In simple terms, cholesterol is fat in your blood. Our bodies require a certain amount of cholesterol for cell building to produce hormones, vitamins and bile acids. However, too much cholesterol causes buildup, or plaque, within the walls of the arteries. Excess cholesterol may compromise blood flow within your arteries, affecting your heart and may lead to complications.
Many times high cholesterol does not cause symptoms. And, many people are unaware that their cholesterol levels are too high.
Not all cholesterol is bad for you. As cholesterol makes its way through the body, it travels through the blood stream via transport mechanisms called lipoproteins. There are three categories of lipoproteins: high-density lipoproteins (HDL), low-density lipoprotein (LDL) and very low-density lipoprotein (VLDL).
- HDL: High levels of this “good” cholesterol may lower your risk of heart disease. It helps the body get rid of excess cholesterol.
- LDL: This “bad” cholesterol causes the most build up in the arteries. The higher your level of LDL, the greater your risk for cardiovascular disease.
- VLDL: Similar to LDL, VLDL carries a fat called triglycerides, creating excess calories. Alcohol and sugar are two major contributors to high triglycerides levels.
How often should you get checked for high cholesterol?
The American Heart Association recommends cholesterol testing for all adults 20 and older once every five years. Cholesterol testing is done through a simple fasting blood test that measures all components of your lipid profile, including your HDL, LDL, VLDL and triglycerides. If a non-fasting test is performed, you will receive your total cholesterol and HDL levels, as the amount of triglycerides in your system may not be accurate.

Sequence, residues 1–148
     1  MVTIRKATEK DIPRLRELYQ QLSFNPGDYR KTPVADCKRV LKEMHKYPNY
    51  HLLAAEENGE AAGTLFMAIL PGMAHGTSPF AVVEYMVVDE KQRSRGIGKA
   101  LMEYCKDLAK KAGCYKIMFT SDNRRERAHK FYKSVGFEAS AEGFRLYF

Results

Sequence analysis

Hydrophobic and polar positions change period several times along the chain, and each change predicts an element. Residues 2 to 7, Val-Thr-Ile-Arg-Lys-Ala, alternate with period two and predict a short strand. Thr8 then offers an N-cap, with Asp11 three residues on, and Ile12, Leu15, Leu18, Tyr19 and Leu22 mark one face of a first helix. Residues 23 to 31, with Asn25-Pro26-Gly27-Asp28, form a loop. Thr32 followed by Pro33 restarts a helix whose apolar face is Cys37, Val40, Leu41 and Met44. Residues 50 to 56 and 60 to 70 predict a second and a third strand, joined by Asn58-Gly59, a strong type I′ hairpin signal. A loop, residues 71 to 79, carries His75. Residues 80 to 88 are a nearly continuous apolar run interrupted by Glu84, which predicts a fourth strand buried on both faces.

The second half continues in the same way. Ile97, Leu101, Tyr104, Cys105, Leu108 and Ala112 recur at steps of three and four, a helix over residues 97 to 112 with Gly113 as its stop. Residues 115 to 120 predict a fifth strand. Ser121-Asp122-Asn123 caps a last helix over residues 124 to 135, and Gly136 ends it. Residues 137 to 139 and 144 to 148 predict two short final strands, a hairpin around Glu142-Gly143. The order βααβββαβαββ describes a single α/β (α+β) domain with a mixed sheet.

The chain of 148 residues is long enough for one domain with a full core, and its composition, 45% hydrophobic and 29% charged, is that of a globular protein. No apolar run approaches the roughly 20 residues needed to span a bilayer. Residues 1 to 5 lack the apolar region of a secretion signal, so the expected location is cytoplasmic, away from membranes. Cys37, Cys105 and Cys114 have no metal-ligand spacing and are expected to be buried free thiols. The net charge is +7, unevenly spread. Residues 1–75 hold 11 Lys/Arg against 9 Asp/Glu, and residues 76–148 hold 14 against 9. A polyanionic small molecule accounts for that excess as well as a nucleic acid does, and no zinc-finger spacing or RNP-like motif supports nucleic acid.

Is your cholesterol in a healthy range?
Optimal cholesterol levels for a healthy person are the following:
- 200 mg/dL or less for total cholesterol
- 60 mg/dL or above for high-density lipoproteins (HDL)
- 100 mg/dL or less for low-density lipoproteins (LDL)
How can you lower your risk of high cholesterol?
You may not have control over risk facts like family history, age, gender and ethnicity, but simple lifestyle modifications can help you manage your risk of high cholesterol.
- Eat a diet that is rich in heart-healthy foods such as: fruits, vegetables, whole grains, fish, skinless and lean poultry, nonfat dairy products, beans, and nuts. Limit your intake of saturated fat, trans fat and salt.
- Maintain a healthy weight
- Exercise regularly
- If you drink alcohol, do so in moderation.
- If you smoke, quit.
Talk to your doctor about your any concerns you have with your cholesterol levels and ways you can lower your risk of heart disease.